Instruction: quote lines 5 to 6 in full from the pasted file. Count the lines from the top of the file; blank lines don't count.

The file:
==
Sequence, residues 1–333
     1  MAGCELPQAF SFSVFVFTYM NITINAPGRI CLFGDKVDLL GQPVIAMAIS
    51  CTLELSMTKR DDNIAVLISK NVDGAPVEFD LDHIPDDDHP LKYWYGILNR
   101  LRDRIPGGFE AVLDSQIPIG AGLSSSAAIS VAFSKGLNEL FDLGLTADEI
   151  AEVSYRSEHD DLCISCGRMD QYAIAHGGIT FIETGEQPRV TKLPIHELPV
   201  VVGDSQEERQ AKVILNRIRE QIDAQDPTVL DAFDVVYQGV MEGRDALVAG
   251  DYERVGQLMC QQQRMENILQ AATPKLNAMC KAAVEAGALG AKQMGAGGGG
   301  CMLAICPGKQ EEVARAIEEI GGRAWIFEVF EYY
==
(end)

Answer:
   151  AEVSYRSEHD DLCISCGRMD QYAIAHGGIT FIETGEQPRV TKLPIHELPV
   201  VVGDSQEERQ AKVILNRIRE QIDAQDPTVL DAFDVVYQGV MEGRDALVAG